Friday, November 8, 2013

90 Percent Taxes on the Rich Is What Built the Middle-Class Economy

And the virtually tax-free-for-the-rich regime repugs have established is what destroyed it.

Here, from Down with Tyranny, is the history the rich parasites and their minions in Congress are trying to stuff down the memory hole.

When Eisenhower, the last mainstream Republican president, was in office, the marginal tax rate on incomes over $400,000 was 92% and capital gains was taxed at 25%. In 1954 Eisenhower reduced the marginal rate to something Republicans felt was more fair… 91%. His greatest accomplishment-- aside from keeping the U.S. out of wars-- was the building of the Interstate Highway System, judged so not just by historians but by Eisenhower himself. Although his 1952 landslide gave Republicans control of both houses of Congress, they made no moves to reduce taxes beyond the modest 1% reduction for top payers. While Ike was in the White House the economy expanded and the Dow more than doubled.

JFK kept the top rate but LBJ made the effective top tax rate 75.25%, a gigantic tax cut for the very wealthy and Nixon kept that rate, while raising the capital gains rate to 36.5%. At that time Mitt's father, George Romney, ran for president and released his tax returns, showing a $2,972,923.58 income during 1966 and a total of $1,099,555.18, a very different story than the one his son's taxes told.

Ford's brief presidency saw no changes in the marginal rates but did see capital gains go up to 39.875%, the peak, as it turned out, which helps explain why the rich have gotten much much richer since the end of the Ford presidency. The decrease in capital gains taxes began under Jimmy Carter, decreasing by over 10 points to 28%. This just whetted the appetites and the greed of the very rich for more and bigger cuts. Reagan was glad to oblige. He slashed the top marginal rates from around 70% to just 28%, the seed for economic catastrophe and endlessly unbalanced budgets. George H.W. Bush tried to undo some of the damage Reagan's tax cutting had done and rates increased slightly. Clinton kept the marginal rate for top earners basically the same as Reagan and decreased the capital gains tax by 8 points.

Then came George W. Bush (or, more to the point, Dick Cheney, who was in charge of the economy). The rate for top earners sunk to 15.35% and the capital gains tax was pushed down to 15%, exploding the deficit and sending the U.S. economy careening towards the disaster that ended the 8 catastrophic Bush-Cheney years. Obama kept the unsustainable Bush tax cuts for the rich. according to James Stewart's widely discussed NY Times piece over the weekend, High Income, Low Taxes And Never A Bad Year, the rich just keep on getting richer and richer under the tax policies they pay for with their campaign contributions. "The fortunate 400 people with the highest adjusted gross incomes," he wrote, "still made, on average, $202 million each in 2009, according to Internal Revenue Service data. And this doesn’t even count income that doesn’t show up as adjusted gross income, such as tax-exempt interest." And for many rich people that tax-exempt interest is over half their income.

Yet the top 400 paid an average federal income tax rate of less than 20 percent, far lower than the top rate of 35 percent then in effect.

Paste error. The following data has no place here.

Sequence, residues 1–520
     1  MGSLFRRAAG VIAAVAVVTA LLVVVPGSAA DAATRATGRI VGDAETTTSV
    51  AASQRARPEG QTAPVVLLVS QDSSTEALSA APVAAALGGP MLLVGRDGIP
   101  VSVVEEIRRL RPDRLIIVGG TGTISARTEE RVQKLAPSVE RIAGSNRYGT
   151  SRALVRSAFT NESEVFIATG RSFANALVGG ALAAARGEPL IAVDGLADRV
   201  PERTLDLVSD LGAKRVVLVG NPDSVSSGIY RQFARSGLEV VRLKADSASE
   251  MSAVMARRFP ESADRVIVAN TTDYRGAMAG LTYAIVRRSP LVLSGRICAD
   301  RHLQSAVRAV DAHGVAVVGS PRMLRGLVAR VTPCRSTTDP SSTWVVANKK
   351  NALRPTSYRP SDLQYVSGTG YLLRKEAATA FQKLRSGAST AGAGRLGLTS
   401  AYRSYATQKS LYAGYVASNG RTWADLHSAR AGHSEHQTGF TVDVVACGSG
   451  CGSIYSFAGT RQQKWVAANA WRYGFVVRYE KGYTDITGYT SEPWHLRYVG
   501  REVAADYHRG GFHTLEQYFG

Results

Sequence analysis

They also paid a lower rate than the top 1 percent, which were people with adjusted gross incomes in 2009 of at least $344,000. These affluent but hardly superrich taxpayers paid on average just over 24 percent of their adjusted gross income in federal income tax. Even the top 0.01 percent, people earning at least $1.4 million, paid 24 percent.

“The top 400 have enormously high incomes even after the dip,” said Leonard E. Burman, director of the nonpartisan Tax Policy Center and a professor of public policy at the Maxwell School at Syracuse University. “It’s still over $200 million each. And yet they’re still paying at a lower rate.”

Even in a bad year like 2009, the federal tax code at the very top is regressive, not progressive.


“They’re still paying much lower rates because their income is dominated by capital gains and dividends,” said Edward Kleinbard, a professor at the University of Southern California School of Law and a former chief of staff for Congress’s Joint Committee on Taxation. “As long as those forms of income are taxed at a preferential rate, the rich are going to benefit the most.”

It remains a pillar of Republican orthodoxy that taxes on unearned income, especially capital gains, should be low, or even eliminated. But it was Ronald Reagan who as president championed taxing capital gains at the same rate as earned income. This was a crucial part of his 1986 tax reform, which lowered overall rates by broadening the tax base.

“Capital gains have taken on a totemic significance to the Republicans,” said Professor Kleinbard. “But they’re just another way that you earn a return by investing capital in productive activity. There’s nothing magical about capital gains from an economic point of view.”

…Representative Dave Camp, Republican of Michigan, and Senator Max Baucus, Democrat of Montana, have been working on a much-anticipated bipartisan approach to tax reform, and the House Budget Committee chairman Paul Ryan has said, “They agree on the fundamental principles: Broaden the base, lower the rates and simplify the code.”
The rich are a clear and present danger to the nation. Their stolen wealth must be returned to the workers who created it.

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